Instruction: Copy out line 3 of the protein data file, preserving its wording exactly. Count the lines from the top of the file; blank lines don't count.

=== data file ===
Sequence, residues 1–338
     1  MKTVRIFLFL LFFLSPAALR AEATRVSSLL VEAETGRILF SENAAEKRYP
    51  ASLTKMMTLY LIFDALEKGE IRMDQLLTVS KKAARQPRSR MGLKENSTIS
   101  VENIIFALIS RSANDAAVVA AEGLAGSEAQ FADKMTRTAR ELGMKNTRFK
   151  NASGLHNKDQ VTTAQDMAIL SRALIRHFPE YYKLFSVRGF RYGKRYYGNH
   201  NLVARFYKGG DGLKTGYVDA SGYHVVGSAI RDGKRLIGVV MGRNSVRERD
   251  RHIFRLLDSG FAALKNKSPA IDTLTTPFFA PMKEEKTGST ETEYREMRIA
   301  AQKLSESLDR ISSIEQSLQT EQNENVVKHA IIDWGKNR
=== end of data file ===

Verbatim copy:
    51  ASLTKMMTLY LIFDALEKGE IRMDQLLTVS KKAARQPRSR MGLKENSTIS